The Centre for the Study of the United States is welcoming Dr. Rebecca Wanzo from the Women, Gender, and Sexuality Studies at Washington University in St. Louis for a conversation with Dr. Lauren McLeod Cramer from the Cinema Studies Institute.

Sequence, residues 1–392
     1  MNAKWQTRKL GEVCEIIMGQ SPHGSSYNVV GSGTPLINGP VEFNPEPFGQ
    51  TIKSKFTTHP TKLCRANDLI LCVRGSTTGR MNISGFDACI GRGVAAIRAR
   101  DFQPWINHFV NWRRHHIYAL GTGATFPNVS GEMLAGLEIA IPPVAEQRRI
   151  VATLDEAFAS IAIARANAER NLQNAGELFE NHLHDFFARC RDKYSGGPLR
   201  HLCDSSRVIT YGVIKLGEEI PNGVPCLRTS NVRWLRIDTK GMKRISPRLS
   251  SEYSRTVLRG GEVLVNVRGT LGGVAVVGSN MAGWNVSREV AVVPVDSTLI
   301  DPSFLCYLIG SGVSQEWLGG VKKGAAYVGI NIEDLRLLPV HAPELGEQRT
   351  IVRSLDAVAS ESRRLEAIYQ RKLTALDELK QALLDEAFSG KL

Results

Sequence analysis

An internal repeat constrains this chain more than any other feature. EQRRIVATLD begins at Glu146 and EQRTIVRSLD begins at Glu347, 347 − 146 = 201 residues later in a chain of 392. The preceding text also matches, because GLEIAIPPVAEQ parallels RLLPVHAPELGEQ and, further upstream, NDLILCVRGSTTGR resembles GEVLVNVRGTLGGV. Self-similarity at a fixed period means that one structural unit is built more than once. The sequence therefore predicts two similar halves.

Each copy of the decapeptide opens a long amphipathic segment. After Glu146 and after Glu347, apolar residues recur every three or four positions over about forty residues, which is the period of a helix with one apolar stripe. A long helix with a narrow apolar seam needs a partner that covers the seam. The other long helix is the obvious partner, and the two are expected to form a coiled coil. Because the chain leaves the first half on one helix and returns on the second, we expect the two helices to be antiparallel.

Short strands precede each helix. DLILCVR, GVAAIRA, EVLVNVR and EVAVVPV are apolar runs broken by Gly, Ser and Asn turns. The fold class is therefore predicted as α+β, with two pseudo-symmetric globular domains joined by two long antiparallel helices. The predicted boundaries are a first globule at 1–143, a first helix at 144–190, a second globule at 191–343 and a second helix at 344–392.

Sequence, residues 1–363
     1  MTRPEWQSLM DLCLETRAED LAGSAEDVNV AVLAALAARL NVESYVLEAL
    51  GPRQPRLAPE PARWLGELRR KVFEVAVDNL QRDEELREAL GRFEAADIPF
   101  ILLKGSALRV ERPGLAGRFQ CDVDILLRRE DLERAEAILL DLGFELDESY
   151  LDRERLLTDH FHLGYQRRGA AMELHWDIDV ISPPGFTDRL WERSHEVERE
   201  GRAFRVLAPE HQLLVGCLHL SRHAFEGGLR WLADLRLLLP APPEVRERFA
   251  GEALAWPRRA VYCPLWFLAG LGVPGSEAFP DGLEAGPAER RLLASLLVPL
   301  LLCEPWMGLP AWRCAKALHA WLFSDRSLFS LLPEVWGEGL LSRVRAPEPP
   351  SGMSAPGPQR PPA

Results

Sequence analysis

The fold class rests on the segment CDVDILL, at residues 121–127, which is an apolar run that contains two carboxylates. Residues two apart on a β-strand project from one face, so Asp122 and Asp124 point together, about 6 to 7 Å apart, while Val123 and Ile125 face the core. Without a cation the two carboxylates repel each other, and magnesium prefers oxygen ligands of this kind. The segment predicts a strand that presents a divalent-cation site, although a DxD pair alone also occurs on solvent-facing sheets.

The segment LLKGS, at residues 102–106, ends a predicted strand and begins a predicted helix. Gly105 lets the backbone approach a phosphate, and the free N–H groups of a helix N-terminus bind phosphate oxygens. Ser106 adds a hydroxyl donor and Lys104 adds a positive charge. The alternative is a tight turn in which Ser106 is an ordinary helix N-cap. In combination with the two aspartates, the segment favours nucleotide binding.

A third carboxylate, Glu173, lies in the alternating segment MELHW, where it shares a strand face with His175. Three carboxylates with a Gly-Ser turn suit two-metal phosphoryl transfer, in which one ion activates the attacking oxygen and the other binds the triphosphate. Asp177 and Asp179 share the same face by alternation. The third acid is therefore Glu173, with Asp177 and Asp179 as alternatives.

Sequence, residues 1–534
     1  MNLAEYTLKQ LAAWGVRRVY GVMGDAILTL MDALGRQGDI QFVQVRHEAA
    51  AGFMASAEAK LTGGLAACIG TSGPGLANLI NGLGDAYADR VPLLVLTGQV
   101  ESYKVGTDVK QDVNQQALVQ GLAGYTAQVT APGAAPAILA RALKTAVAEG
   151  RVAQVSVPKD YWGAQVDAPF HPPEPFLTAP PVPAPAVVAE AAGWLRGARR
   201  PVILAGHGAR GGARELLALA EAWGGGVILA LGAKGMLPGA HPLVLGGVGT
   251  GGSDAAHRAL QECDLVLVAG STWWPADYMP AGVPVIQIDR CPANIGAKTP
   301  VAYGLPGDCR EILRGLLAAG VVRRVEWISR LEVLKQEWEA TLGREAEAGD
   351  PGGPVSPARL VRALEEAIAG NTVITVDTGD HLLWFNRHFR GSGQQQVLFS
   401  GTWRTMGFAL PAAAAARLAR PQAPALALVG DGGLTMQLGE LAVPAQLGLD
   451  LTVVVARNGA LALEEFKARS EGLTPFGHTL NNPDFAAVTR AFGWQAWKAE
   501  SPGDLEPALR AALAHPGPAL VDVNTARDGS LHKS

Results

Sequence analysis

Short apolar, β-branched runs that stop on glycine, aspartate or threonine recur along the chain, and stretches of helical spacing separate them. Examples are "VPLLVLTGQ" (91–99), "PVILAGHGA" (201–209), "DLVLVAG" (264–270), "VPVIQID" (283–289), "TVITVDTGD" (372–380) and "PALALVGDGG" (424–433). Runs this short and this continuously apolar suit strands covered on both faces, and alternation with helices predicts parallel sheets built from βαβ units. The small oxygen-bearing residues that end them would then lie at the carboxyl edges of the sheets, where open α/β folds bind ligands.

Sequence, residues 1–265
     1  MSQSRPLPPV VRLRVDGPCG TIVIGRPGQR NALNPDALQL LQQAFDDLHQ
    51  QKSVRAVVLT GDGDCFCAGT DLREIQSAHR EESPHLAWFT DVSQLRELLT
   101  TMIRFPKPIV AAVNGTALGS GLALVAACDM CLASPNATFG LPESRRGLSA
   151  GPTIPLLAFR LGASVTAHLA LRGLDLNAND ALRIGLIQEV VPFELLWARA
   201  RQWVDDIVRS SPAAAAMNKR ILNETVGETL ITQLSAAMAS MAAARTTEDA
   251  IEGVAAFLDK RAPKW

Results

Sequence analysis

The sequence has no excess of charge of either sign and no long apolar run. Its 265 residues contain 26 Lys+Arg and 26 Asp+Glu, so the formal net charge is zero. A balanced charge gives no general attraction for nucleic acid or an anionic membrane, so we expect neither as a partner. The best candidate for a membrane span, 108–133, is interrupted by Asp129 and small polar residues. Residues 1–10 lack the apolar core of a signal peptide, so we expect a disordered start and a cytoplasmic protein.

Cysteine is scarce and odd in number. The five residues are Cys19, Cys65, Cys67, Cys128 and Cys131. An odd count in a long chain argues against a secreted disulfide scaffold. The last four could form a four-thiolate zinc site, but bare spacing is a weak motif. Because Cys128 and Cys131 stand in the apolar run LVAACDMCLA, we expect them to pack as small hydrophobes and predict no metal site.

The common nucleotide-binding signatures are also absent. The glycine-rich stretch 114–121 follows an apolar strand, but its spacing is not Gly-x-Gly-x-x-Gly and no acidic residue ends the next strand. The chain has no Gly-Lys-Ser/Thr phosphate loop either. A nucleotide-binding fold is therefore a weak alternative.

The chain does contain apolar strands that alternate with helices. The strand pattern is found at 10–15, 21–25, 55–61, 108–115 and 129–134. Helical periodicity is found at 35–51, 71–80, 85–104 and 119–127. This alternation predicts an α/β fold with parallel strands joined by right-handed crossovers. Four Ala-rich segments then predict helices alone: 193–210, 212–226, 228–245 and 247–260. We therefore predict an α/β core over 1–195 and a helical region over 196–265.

Definitively addressing the problem with debates about “good” and “bad” black representation, The Content of Our Caricature: African American Comic Art and Political Belonging (New York University Press, 2020) explains what happens when Black cartoonists revisit and reanimate the archive of the racial grotesque. Black comics and cartoons that appeared in black newspapers at the beginning of the twentieth century, underground comix independently produced and distributed in the 1970s and today’s big-budget film adaptations of superhero comics share complex imaginings of the political potential and limitations of caricature. Wanzo’s book reads the work of a rarely acknowledged lineage of Black cartoonists alongside comic and cartoon figures of American citizenship—images of the romantic revolutionary, the soldier and the child. Black comics recall the ways blackness is rendered incommensurable with American citizenship when it shares the frame with these idealized tropes and, instead of abandoning this history of representation, they leverage its elasticity. As a result, using horror and humor, Black cartoonists visualize critiques of American visual culture that are not bound by time, space, or medium.